We developed an original method to check the isolation of the CIG galaxies. Digitised POSS-I E images were analysed out to a minimum projected radius R ≥ 0.5 Mpc. We have assembled a software pipeline for producing star/galaxy catalogues in the area around each CIG field. We used SExtractor (Bertin & Arnouts 1996) to detect the sources in the images. The images were reduced using AIMTOOL in LMORPHO (Odewahn 1995, Odewahn et al. 1996, 2002), and a Graphical User Interface (GUI) driven star/galaxy separation procedure was used to classify detected sources as: STAR, GALAXY or UNKNOWN (for the faint, low resolution sources). Star/galaxy separation was performed in the log(area) vs. magnitude (SExtractor MAG ISO), which was found to robustly isolate the stellar locus brighter than MB ~ 17.5 in a random sample of Schmidt plates. A typical star/galaxy separation parameter plane from a POSS-I E image (CIG 714) is shown in Fig. 1.
The galaxies have a lower surface brightness than the stars and in the log(area) vs. magnitude plane, the two classes of objects fall in different loci (Leon et al. 2000). The stellar locus in log(area) vs. magnitude plane was manually located using an interactive GUI approach because the shape and location of this locus changes significantly on different POSS-I Schmidt plates. All the points that lie above the curve defined by the blue filled circles (which is described with a cubic spline) were classified as GALAXY. The points below this curve were classified as STAR. Points lying outside the spline range (brighter or fainter in magnitude than the extent of the red points) were classified as UNKNOWN. As a final step, we archived our catalogues in the form of ASCII files.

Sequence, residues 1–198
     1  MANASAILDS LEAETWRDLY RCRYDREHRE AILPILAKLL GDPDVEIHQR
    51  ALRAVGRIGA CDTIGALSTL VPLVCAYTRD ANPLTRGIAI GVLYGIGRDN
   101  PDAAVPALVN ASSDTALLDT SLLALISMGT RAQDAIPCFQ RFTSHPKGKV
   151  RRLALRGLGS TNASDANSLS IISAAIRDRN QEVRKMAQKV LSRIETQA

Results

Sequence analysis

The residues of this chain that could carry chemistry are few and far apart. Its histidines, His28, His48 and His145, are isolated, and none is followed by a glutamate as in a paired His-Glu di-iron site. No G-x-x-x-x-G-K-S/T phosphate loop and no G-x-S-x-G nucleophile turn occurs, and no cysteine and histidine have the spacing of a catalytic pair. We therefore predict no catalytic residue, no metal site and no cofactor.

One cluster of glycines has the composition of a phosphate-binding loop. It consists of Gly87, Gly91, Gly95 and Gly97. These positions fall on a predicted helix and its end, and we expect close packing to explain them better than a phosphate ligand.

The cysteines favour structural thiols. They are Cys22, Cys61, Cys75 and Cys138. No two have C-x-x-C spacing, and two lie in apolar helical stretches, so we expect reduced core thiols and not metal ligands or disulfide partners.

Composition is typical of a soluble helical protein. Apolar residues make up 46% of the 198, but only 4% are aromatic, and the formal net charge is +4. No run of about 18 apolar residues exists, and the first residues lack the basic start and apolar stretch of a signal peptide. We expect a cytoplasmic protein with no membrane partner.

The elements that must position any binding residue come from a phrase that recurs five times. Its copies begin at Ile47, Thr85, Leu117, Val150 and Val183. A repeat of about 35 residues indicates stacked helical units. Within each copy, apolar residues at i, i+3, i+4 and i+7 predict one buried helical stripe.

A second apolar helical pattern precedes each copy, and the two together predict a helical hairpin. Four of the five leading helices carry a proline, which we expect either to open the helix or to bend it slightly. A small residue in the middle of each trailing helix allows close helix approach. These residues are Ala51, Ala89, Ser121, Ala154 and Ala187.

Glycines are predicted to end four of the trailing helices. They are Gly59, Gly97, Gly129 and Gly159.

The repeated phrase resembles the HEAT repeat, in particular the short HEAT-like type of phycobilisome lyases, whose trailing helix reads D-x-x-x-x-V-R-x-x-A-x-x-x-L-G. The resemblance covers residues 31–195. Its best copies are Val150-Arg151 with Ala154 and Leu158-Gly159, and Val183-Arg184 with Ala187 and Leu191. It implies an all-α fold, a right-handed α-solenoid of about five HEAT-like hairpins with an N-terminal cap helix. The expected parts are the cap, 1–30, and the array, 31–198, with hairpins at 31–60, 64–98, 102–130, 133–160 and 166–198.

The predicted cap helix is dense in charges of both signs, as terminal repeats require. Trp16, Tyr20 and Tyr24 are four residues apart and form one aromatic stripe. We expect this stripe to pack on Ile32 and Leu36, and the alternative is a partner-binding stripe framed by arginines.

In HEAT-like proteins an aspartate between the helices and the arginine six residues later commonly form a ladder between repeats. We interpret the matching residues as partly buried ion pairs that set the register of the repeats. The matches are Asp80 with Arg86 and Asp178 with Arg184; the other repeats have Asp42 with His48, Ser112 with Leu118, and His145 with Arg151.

One of us (S. V.) systematically verified all the objects (GALAXY, STAR and UNKNOWN) and changed the types if needed. This task was very time consuming as the mean number of objects detected amounted to 4000 per single 55′ × 55′ field (up to 14 000 at low galactic latitude). Finally, we also used POSS-II red (IIIa-F) plates of all our GALAXY objects to perform a second check of our final catalogues of neighbours (55 154 stamps, visually checked by L. V.-M.)
We have performed a systematic study to list all the projected neighbours, down to a magnitude m ~ 17.5, lying within 0.5 Mpc around the CIG galaxies. Our conclusions are the following:
In Fig. 2, we show the distribution of the size of the neighbour galaxies with respect to the size of the associated CIG galaxy. Very few neighbours have a diameter larger than the diameter of their associated CIG galaxy. The distribution increases exponentially as the diameters of the neighbours get smaller: the peak of the distribution is reached for the neighbours having diameters of about one fourth the size of the diameter of the associated CIG galaxy. This corresponds to the nominal factor used by Karachentseva: the sizes of the neighbours taken into account by Karachentseva’s isolation criterion are not equally distributed between 0.25 and 4Dp, the vast majority of the neighbours (about 88%) are at least two times smaller than their associated CIG galaxy.